Chocolate coconut tapioca pudding: I should probably spell this out more clearly. Tapioca pudding, made with coconut milk. Then color it chocolate. First encountered at Good Earth in Fairfax, with the following ingredients: coconut milk, chocolate, tapioca, maple syrup, vanilla, salt. Seems like it should be easy enough, right?
Apple pie: I think I mentioned this before. I even bought the apples last week in the midst of that oddly autumnal moment we had. Then the weather snapped back to the September that I know & love: scorching, brilliant blue skies—in short, weather for…
Or, a scoop of Earl Grey & a scoop of saffron orange blossom from Ici, floral & refreshing. Happy late summer, Bay Area!
I dunno bout you, but I just don’t believe in the whole meal-planning concept where you set off to the grocery store to buy a half cup of peas, 3 medium-size bananas, 2 white onions & whatever else will fit exactly into the recipes you have painstakingly plotted out for exactly a week’s worth of meals. What about inspiration? What about improvisation? What about cooking according to what the produce gods & goddesses (I mean, the farmers) send you this week?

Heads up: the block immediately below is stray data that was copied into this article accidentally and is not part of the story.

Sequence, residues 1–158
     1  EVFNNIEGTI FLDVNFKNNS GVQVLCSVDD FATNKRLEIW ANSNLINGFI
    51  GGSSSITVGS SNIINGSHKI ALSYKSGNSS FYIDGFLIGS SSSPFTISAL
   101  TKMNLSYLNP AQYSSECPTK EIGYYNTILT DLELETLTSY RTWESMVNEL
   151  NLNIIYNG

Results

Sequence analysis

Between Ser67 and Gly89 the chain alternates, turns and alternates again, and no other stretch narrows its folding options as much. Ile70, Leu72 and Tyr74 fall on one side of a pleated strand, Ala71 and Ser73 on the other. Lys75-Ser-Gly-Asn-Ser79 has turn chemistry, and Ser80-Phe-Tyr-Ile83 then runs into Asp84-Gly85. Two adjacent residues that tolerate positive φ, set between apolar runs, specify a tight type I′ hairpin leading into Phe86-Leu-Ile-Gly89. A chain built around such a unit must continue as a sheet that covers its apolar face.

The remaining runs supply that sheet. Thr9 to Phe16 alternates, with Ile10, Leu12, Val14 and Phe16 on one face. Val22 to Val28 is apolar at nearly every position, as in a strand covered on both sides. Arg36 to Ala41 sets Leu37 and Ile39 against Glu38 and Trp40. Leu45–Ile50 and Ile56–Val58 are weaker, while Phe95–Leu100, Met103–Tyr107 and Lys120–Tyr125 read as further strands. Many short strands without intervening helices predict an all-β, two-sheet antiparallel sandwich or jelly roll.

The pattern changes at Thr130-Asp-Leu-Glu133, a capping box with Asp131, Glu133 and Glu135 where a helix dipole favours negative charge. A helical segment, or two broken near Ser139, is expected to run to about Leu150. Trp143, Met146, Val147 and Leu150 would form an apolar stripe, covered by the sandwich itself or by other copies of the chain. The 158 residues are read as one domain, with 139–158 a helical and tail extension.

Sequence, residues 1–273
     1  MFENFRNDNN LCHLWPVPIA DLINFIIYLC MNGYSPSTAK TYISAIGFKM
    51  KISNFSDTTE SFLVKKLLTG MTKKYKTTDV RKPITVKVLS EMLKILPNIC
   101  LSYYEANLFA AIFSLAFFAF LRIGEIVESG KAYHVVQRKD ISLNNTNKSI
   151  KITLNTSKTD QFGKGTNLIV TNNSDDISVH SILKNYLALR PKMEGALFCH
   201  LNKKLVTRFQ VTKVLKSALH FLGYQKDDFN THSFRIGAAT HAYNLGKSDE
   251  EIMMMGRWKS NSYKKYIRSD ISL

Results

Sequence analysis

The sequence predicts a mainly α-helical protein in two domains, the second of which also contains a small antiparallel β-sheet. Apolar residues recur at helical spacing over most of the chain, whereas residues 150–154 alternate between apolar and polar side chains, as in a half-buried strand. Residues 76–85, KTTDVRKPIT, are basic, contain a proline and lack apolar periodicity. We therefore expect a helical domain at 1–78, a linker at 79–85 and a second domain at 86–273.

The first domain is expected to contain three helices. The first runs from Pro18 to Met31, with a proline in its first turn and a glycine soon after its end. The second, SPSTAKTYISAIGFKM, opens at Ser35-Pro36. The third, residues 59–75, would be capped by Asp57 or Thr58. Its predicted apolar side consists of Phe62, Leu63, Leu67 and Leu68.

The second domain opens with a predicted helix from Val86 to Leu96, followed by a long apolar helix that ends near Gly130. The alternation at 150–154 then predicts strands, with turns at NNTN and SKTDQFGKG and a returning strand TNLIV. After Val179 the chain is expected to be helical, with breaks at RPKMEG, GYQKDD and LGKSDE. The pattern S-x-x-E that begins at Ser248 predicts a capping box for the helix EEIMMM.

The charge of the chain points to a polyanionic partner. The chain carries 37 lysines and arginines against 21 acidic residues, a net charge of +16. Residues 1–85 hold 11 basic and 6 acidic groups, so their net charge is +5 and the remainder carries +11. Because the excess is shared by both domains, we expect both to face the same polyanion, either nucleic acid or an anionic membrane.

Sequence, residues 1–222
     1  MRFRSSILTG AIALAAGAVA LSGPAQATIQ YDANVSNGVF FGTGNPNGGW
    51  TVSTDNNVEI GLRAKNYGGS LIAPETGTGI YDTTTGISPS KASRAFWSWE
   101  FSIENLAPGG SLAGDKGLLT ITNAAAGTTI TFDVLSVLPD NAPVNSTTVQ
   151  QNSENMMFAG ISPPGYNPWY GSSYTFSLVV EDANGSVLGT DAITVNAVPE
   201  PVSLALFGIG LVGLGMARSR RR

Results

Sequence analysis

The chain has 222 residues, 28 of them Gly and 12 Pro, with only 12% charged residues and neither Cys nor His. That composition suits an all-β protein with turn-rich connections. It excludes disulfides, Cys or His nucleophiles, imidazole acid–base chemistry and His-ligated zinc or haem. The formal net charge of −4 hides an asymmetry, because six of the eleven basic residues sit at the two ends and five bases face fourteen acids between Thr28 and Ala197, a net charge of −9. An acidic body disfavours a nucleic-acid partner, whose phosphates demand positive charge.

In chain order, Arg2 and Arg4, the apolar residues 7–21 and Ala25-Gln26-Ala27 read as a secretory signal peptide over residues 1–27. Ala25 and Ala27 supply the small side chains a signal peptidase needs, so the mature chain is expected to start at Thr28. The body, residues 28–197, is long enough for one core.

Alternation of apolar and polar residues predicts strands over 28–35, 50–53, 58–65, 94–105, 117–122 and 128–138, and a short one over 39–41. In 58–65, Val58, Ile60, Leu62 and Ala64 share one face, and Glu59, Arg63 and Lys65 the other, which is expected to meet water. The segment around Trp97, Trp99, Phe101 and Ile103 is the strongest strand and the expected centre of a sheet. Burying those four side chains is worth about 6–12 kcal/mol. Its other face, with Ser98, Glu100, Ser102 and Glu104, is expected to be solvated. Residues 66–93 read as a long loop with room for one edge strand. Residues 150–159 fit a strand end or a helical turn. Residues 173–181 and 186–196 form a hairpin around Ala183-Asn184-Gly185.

Broccoli, for instance, is something you can always get, pretty much anywhere in America, & for that I am eternally grateful (especially when I’m in Wyoming). But really exceptional organic broccoli—gorgeously green, so fresh it seems immortal, & bug-free—is a precious gift that only comes once in a while. I think it’s the bug-free part that makes it so rare. I don’t know why it’s so hard to grow unbuggy organic broc, but when the broccoli stars align, I pounce.
Here is Cruciferous Pasta, for just such an occasion, when you have broccoli to make you sing, & equally good, snowy, downy cauliflower.
(Sorry bout the unglamorous picture. I was hungry! That’s the edge of my pasta claw up there in the corner. The thing gets so much use, I should probably trade up for one that’s not plastic.)
a few young broccoli crowns
small to medium size head of cauliflower
very large shallot (or 3-4 small ones), chopped
small yellow onion, chopped
handful capers, chopped
handful pine nuts
small head of treviso, sliced crosswise into approx. half-inch strips
lots o’ olive oil & a little bit o’ butter
garnish: small dry-farmed early girl tomatoes, quartered & sliced, 1 per serving
Put the pasta water on to boil. Cut the broccoli crosswise (quarter-inch or thinner slices), starting at the bottom of the stalk & continuing up until the florets separate & fall into a heap. Break the cauliflower apart into trees or lollipops (pick your metaphor), then cut them into spears unless they are already fairly slim.